By 1980, Randolph was a mentor and motivator for young children in the local Tampa area,
“teach[ing] them and get[ting] them to understand how to conquer this world”. However,
he began to ask himself, "what had I done? If I died tomorrow, what would be my legacy?"
In response, he decided to record an album with musicians that he knew throughout
Florida. “Getting the band together”, he recalls, “was easy since I was already familiar with
the great musicians around the Tampa, St. Petersburg area. I talked to them one on one to
see how they would feel about going into the studio to be on a recording. They all said yes,
yes, yes!” He was also fortunate to be able to get onboard local jazz superstar Nat Adderley
known amongst other things for his innovations in soul jazz and his jazz standard ‘Work
Song’. Randolph recalls that “I loved to listen to Cannonball and Nat's recordings and I found
out that Nat lived only about 35 miles from me in a town called Lakeland, Florida. I
contacted him by phone and he invited me over. Of course, before we met I explained to
him about my project that I was involved with and that I wanted to leave my legacy through a recording so that 100 years from now, I will always be remembered. He replied that he would love to do it, just let him know the date and time.”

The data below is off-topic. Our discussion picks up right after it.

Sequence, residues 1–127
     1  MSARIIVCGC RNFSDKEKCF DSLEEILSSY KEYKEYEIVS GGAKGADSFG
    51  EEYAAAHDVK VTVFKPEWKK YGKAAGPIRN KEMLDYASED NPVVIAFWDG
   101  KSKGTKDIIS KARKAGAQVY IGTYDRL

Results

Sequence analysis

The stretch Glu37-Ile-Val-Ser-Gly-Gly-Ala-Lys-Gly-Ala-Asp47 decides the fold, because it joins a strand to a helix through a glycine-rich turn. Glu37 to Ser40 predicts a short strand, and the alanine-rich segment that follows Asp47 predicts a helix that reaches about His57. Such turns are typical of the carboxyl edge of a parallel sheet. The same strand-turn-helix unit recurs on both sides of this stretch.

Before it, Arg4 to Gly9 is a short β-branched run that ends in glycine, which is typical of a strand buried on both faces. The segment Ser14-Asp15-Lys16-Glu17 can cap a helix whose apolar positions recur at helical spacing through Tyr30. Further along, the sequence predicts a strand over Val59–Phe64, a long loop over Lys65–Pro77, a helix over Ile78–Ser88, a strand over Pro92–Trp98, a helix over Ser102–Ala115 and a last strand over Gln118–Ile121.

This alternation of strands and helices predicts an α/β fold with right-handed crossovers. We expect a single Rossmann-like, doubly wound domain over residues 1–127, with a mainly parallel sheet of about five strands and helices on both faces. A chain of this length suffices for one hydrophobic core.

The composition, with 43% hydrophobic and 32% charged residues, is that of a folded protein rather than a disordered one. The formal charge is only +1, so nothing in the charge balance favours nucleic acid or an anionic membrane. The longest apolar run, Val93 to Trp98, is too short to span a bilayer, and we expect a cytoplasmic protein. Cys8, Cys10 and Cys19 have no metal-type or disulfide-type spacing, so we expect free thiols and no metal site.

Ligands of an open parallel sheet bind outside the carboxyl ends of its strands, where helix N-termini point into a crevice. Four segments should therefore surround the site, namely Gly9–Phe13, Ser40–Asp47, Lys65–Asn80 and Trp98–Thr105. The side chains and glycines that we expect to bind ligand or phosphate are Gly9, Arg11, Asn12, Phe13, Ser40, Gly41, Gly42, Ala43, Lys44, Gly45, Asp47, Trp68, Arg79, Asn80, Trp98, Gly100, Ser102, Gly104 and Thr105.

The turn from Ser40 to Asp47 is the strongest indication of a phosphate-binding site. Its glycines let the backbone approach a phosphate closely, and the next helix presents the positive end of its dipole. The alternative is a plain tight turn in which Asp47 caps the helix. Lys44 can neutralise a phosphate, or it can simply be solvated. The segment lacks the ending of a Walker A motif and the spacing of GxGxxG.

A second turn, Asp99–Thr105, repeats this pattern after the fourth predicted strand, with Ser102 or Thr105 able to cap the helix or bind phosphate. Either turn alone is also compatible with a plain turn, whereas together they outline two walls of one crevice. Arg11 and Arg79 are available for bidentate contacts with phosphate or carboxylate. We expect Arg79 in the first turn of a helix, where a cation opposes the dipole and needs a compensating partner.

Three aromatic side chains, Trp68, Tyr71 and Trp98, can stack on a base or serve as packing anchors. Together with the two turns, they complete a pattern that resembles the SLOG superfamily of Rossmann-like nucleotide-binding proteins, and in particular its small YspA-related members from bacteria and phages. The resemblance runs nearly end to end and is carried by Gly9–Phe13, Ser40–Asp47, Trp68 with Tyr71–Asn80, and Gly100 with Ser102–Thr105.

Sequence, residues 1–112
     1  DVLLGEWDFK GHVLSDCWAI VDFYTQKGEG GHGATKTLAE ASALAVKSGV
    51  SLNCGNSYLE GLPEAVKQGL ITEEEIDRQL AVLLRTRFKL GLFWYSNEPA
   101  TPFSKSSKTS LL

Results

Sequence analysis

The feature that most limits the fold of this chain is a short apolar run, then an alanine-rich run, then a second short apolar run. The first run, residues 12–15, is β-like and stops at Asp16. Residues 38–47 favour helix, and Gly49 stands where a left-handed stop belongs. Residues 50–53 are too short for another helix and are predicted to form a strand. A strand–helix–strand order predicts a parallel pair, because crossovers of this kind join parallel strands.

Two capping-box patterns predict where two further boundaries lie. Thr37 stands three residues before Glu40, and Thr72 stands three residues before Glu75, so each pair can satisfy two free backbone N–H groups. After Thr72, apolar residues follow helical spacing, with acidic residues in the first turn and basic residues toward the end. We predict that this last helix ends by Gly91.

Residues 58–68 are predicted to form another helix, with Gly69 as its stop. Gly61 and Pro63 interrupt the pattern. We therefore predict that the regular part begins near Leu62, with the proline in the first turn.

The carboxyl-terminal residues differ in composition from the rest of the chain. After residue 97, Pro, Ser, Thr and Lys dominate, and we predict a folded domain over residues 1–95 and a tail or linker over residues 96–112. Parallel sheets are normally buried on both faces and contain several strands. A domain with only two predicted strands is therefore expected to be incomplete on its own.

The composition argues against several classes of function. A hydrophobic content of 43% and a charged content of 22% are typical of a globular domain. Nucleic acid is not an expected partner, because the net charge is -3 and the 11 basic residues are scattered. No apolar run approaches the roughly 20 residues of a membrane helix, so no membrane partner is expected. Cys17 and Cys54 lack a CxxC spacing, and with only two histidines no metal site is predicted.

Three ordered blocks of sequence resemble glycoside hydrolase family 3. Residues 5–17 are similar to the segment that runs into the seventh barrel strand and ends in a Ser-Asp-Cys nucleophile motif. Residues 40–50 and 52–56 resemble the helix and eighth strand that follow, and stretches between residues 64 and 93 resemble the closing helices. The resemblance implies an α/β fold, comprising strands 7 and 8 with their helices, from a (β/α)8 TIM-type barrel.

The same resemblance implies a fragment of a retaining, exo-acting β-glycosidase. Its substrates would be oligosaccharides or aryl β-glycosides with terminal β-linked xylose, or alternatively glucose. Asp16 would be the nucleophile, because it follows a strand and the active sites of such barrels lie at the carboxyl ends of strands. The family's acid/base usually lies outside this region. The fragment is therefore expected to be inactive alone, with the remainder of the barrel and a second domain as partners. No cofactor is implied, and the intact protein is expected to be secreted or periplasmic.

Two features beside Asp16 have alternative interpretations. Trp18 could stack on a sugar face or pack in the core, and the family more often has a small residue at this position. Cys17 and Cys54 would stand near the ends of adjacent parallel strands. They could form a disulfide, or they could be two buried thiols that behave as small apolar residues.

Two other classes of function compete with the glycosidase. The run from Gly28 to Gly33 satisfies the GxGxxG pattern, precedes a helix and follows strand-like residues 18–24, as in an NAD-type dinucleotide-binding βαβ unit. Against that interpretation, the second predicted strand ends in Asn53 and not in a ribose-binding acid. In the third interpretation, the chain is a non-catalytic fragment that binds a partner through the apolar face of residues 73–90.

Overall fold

The album was recorded at Jim Morris and Rick Miller’s local Tampa-based studio
Morrisound, which opened in 1981 and had recently upgraded from an eight-track to a
twenty-four-track analogue recording system. Randolph was one of the first musicians to
record on the new system. Recording the album, he notes, was an important deal for the
local music scene. “Everybody was so upbeat; musicians coming by to check out things. It
was big, one of the first local projects to come out of Tampa, Florida… it was like being in
Times Square in New York on New Years Eve. Something that I will never forget.” The four
songs we have chosen to highlight here are ‘Getting Next To You’, ‘Jazzman’, ‘Callin’ Me’ and
‘Party Life’. The former is a horn and chant-filled disco masterpiece, and as Randolph
explains concerns unity and “everyone on the same level… in other words, everyone just
loving life”. It is arguably the song that Randolph is most well-known for in the disco and
funk scene. ‘Jazzman’ is an instrumental track with prominent trumpet and saxophone solos
working with funky basslines to produce a truly great jazz-funk groove. It was “a tribute to
Nat Adderley and Duke Ellingtons bass player, John Lamb, for being so generous and saying
yes to the project”. ‘Callin’ Me’ is a soulful disco number featuring the lead vocals of Laurie